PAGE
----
Buyers and sellers found 2017 to be an interesting year in Twin Cities Real Estate. During the spring we saw competition on many price points, especially those under $300,000. Buyers encountered multiple offer situations for in nearly all neighborhoods of the Twin Cities. The average sale price for a home has had a steady climb over the past few years of around 5% year over year. This is likely to continue into the coming year.
So what does 2018 look like on the whole? The answer comes down to a few factors, notably:
- Cost of Borrowing
- Buyer Trends
Lacking a crystal ball, here’s how some of these aspects could play out. for buyers and sellers.
Cost of Borrowing
As of mid-December 2017, Bankrate reports the average 30-year fixed mortgage at a rate of 4.09%. Predictions vary on what increases to expect, but most point to finishing 2018 around 4.5% (Freddie Mac has 4.4% and Zillow reported in a survey that 4.5% was likely).
Using a conventional (20% down) on the average price for a home in the Twin Cities of around $300K, this increase would mean an increase to a homeowner’s monthly payment of $56. Everyone’s situation is different, but that sort of growth is still modest and unlikely to drive buyers out of the market.
Over the past few years, inventory has continued to drop in the Twin Cities, creating the biggest effect on competition. Homeowners, lured by low interest rates, have stayed put and refinanced. Often this means improving their current home rather than moving. With applications for refinancing slowing in the latter part of 2017, we may be reaching an end to this period. This will not create an immediate impact on the inventory, but in the coming years, we are likely to see more move-up buyers.
From 2008 to 2011, the average tenure of a homeowner in their current house went from 6 years to 9 years. Since 2014, that number has been hovering right around 9-10 years. A lot of those buyers who bought in 2008 might be at the right time to move up in the next year.
The baby boomer generation is the rock holding firm in single family homes, but the oldest of these homeowners will turn 73 this year and the youngest will be 53. As their needs change, so will the housing landscape. Many communities show strong growth in new construction of senior housing, and anecdotally we’ve talked to a good number of homeowners who are considering such options.
We’ll see what happens soon after the first of the year, but don’t expect major increases in inventory overall.
It’s no secret that Millennial buyers are the next big wave, and in general, where they want to be is most often in the metropolitan areas of Minneapolis and Saint Paul. Buyers who can afford it are snatching up any neighborhood around the city lakes, and pricing shows it with sales prices in 2017 being very close to original list. Some neighborhoods are averaging slightly higher than this!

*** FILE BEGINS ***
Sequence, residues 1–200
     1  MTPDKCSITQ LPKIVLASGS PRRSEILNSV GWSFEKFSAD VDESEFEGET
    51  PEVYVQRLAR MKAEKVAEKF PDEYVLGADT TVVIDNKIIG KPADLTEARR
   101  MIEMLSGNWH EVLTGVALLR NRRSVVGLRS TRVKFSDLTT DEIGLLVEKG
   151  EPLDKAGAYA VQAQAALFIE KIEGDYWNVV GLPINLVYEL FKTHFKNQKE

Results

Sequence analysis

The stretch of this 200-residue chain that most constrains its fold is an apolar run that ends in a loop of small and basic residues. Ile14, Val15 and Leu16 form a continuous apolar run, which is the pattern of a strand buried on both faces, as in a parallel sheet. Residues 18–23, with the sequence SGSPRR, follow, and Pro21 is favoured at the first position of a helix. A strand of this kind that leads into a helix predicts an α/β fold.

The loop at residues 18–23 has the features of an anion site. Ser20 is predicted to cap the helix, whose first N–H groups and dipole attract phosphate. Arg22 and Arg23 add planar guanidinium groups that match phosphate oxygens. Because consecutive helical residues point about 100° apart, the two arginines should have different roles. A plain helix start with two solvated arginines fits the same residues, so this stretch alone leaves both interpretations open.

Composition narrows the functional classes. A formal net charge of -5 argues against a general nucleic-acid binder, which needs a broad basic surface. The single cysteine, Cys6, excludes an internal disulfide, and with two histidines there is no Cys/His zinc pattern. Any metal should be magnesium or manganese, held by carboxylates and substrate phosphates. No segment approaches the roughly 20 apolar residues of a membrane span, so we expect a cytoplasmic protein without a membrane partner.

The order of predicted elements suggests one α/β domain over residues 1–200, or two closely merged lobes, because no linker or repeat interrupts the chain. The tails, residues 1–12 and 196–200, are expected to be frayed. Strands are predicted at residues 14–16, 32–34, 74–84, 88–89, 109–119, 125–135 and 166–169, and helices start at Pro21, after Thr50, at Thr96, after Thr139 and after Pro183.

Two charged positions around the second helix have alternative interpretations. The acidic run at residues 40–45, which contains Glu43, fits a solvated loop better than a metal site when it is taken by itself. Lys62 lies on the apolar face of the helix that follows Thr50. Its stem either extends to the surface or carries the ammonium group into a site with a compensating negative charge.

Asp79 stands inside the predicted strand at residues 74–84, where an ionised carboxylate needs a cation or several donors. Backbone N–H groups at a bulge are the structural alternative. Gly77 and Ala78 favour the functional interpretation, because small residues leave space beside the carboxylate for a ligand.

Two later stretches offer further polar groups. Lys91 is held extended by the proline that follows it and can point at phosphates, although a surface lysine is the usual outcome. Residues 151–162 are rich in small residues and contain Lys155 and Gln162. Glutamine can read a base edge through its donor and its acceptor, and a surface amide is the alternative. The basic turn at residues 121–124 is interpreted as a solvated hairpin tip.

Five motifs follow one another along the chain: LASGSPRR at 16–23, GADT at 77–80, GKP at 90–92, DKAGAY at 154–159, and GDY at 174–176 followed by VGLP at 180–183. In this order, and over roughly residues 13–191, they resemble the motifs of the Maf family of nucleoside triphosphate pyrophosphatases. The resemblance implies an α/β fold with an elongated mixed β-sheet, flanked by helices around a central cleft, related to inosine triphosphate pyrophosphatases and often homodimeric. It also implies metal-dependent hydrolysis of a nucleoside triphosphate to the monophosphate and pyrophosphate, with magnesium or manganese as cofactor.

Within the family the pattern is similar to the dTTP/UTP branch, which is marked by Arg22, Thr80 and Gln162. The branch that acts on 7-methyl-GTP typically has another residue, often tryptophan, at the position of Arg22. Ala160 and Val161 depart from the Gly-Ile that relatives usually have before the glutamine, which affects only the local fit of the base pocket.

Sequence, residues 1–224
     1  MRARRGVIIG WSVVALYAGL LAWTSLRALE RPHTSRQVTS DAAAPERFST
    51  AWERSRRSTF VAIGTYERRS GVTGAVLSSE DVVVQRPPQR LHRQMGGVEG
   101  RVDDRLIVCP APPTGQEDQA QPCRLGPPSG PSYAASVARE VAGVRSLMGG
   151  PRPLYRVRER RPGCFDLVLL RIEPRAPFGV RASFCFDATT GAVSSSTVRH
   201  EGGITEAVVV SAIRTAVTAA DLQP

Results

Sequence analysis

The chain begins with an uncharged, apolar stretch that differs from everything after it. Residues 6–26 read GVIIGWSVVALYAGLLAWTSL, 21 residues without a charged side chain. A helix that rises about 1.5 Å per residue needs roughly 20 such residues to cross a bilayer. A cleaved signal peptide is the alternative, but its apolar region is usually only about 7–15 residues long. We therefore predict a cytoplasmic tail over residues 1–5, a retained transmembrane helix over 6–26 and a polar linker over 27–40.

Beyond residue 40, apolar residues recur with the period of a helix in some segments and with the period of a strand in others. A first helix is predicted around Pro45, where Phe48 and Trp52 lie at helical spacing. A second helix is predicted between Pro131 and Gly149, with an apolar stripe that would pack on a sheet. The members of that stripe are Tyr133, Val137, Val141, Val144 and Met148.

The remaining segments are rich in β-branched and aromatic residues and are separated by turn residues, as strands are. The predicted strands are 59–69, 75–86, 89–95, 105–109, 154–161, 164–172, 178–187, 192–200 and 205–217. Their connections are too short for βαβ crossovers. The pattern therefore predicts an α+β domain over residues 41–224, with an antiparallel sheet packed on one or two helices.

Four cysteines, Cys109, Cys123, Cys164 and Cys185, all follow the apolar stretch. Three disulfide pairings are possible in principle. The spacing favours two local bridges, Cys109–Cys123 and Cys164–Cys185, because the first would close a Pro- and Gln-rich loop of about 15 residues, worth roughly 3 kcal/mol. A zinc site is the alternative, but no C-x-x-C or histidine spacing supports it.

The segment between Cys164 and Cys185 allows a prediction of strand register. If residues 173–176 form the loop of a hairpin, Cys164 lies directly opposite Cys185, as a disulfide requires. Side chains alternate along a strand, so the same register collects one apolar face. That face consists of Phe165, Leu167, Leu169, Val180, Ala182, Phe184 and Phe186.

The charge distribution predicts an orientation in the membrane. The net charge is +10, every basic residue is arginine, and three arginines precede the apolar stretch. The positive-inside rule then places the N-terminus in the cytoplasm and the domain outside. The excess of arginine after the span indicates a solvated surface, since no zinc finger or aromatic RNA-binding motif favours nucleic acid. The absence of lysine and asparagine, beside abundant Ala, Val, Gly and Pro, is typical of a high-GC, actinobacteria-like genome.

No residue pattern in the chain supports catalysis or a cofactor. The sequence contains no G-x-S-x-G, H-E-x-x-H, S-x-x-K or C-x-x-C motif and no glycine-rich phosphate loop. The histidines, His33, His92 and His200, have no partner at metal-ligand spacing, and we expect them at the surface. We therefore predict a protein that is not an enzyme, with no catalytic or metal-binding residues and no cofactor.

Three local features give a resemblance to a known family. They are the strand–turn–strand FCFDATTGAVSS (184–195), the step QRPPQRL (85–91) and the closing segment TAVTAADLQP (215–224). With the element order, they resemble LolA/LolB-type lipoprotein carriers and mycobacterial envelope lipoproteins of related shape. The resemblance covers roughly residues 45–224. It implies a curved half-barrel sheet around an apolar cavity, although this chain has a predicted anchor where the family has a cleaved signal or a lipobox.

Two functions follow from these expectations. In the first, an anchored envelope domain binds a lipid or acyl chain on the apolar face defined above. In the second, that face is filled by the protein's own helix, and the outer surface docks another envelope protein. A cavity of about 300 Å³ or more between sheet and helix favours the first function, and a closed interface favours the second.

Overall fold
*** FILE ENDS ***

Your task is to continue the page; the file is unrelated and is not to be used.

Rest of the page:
Today’s buyer, especially those buying for the first time value the following:
- More reasonably sized homes
- Amenity rich neighborhoods (shopping, dining, recreation, transportation)
This set of desires favors areas like South Minneapolis, Mac-Groveland in Saint Paul, and even some of the first-ring suburbs such as Richfield among trending areas. When a first time buyer cannot afford the trendiest locations, they will often expand to search these suburbs as well, so competition has been widespread.
There is no indication this will change in the coming year, unless we see the two puzzle pieces of baby boomers and move-up buyers making changes. Both of these are long-term trends and unlikely to make an immediate impact on supply.
As a part of the discussion in buyer trends, some markets are hotter than others. All the evidence points to areas of high demand in the cities of Minneapolis and Saint Paul, but price growth is typically local overall. While Richfield single family homes saw a price increase of 8.5% in 2017, nearby Bloomington only grew by 6.6% (traditional sales of previously owned single family homes) – Some cities, like St. Anthony, saw price growth of 13% on the other side of the coin.
Minneapolis is more desirable than Saint Paul (5.2% and 3.6% sales price increases in 2017, respectively) by the numbers. Will developments like those happening in the West 7th neighborhood of Saint Paul such as the Keg and Case development of the old Schmidt’s Brewery signal greater demand in traditionally overlooked areas? We’ll see in the coming months. Today’s buyer does well to be fluid, and keep an open mind to geographic areas. It can pay to think outside the box in this competitive market.
The saying goes that every home-seller becomes a home-buyer. With our clients, we always make it a point to know how your individual market is doing and meet your goals for selling in 2018 and get the best price, terms and timeline for sellers. As buyer’s agents, we can help our clients be nimble and always working towards the goal of getting the ideal home at the right price. If moving in 2018 is in your plans, call us today to discuss your options.